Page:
'AITA' Contemplates Gay Man Who Told Niece Grandparents Were Homophobic

Sunday January 9, 2022
Originally published on January 5, 2022

A 28-year-old gay man asked on Reddit if telling his 10-year-old niece that his sexual orientation was the reason he was disinvited to his parents' holiday party held on Christmas Day was okay.

He was quickly validated for his behavior by Reddit users, Newsweek reported.

"The anonymous 28-year-old man gained over 17,000 votes online after posting to the popular Subreddit 'Upsetting Family Drama.'"

He asked on Reddit, "AITA for telling my niece her grandparents are homophobic?" (AITA is an acronym for "Am I The Asshole?")

He explained how his parents had disowned him after they had learned he was gay eight years earlier, though he remained close to his sister and her daughter. His parents hosted a large holiday gathering every year, but he hasn't been invited since they learned he was gay. He would later have a small holiday gathering with himself, his sister and his niece.

"At our smaller Christmas gathering, while my sister was in the other room, my niece asked why I never go to my parents' Christmas. I replied with the excuse I've used for years: I had to work," he wrote.

But recently his niece asked why he needed to work on Christmas Day, and became visibly upset when she also asked if he liked his sister and her.

"If she hadn't said that, I probably wouldn't have told her," he confessed. "But I can't stand the idea that she would think I chose not to go to Christmas. So, in a calm voice, I said 'well, you know how I date boys instead of girls? Grandma and Grandpa don't like that, so they ask me not to go to Christmas.'"

Angered by this, his niece confronted her grandparents the next day.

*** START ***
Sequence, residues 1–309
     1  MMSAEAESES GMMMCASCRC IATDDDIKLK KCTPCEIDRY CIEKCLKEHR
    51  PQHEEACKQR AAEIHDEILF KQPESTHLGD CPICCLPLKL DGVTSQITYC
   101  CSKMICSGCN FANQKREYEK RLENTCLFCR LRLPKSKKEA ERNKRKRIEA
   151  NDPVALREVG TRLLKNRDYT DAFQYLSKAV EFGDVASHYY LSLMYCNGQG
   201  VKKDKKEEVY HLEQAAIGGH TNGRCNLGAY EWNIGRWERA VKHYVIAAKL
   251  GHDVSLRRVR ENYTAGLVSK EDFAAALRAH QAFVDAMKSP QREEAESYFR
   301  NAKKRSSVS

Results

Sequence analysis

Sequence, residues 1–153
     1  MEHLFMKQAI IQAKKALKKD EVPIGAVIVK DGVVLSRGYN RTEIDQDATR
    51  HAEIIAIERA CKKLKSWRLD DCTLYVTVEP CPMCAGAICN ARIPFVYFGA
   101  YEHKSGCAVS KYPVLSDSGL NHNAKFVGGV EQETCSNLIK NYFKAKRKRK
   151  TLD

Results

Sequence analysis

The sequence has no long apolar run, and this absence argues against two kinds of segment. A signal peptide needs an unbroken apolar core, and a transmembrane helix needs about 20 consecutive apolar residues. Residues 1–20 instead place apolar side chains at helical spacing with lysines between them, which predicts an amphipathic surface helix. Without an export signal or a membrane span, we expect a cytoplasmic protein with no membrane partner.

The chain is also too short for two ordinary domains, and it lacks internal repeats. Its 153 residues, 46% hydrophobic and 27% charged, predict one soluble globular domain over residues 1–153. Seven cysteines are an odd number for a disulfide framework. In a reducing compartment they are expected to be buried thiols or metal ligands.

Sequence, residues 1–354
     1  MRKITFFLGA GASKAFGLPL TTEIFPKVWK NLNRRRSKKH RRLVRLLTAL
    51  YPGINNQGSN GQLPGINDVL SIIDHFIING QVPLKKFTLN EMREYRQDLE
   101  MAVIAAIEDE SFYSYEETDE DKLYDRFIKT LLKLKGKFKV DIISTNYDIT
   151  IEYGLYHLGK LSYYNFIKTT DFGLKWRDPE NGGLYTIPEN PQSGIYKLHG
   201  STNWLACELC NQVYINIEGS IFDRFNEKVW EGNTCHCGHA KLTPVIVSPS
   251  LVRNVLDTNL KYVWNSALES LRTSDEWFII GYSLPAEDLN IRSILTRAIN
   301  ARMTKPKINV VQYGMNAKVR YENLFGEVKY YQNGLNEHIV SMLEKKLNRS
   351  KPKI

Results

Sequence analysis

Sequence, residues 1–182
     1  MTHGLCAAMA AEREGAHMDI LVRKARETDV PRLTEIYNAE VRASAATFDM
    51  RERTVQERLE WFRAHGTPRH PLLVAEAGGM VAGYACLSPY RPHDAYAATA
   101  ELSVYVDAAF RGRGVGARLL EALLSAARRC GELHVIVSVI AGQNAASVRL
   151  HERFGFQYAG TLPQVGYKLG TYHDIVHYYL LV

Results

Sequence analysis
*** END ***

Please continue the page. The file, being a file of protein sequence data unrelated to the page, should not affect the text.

"The next day, she called her grandparents and asked how dare they tell me not to come to Christmas. Apparently she was really harsh with them. Then, my parents called my sister and yelled at her for letting my niece around me."

According to the man, his sister was left angry at him for "causing the family fight and involving my niece in it."

His case is not unusual. "The man's family issues are far from rare in the LGBTQ+ community, with a Stonewall and YouGov report finding that only 46 percent of lesbian, gay and bi people feel able to open up about their sexuality with everyone in their family," Newsweek said.

But on Reddit, the man received validation with some 17,000 users showing him support. "Despite the Reddit user's self-doubts, the response to his situation was unanimous—he was not in the wrong. Instead, users rushed to decipher which family member was instead," Newsweek said.

"You were honest with your niece in an age-appropriate, non-confrontational way. The only reason it turned into a huge fight is because no one else had been honest with her before about the situation," said one user.

"If they didn't want their granddaughter to know that they're homophobic, they shouldn't be homophobic. Simple as that," added another.

One user reasoned that despite not being in the wrong, he should have informed his sister beforehand: "Your only mistake here was not informing your sister of the conversation you had with her daughter. I mean you dropped a big family detail on a 10-year-old and then just left."

Another user criticized the man's sister. "Your sister is a coward. The reason why it is so easy for your family to exclude you is because there is NO consequence on their end."

There was also praise for his niece.

"Can I just say your niece is wonderful. She saw something she didn't like, had the courage and trust to speak to someone she cared about about her feelings. She didn't play games, went to the source, and found the problem. Then she addressed the problem at its source, her grandparents."

"She literally followed the line of trauma to where it was perpetuated and then went to it and said this isn't ok. I hope after the initial shock blows over that your grandparents can re-evaluate their views, or at least set them aside for the greater good, which is their granddaughter."

"I hope you are super proud of her, because I am. She's a gem."